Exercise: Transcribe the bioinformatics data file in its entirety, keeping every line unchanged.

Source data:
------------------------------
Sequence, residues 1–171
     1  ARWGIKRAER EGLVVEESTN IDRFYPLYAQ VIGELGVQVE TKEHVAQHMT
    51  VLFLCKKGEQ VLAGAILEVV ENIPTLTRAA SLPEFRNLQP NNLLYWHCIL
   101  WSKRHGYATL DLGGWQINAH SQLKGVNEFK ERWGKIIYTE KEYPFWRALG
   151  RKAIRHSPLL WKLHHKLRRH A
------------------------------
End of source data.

Sequence, residues 1–171
     1  ARWGIKRAER EGLVVEESTN IDRFYPLYAQ VIGELGVQVE TKEHVAQHMT
    51  VLFLCKKGEQ VLAGAILEVV ENIPTLTRAA SLPEFRNLQP NNLLYWHCIL
   101  WSKRHGYATL DLGGWQINAH SQLKGVNEFK ERWGKIIYTE KEYPFWRALG
   151  RKAIRHSPLL WKLHHKLRRH A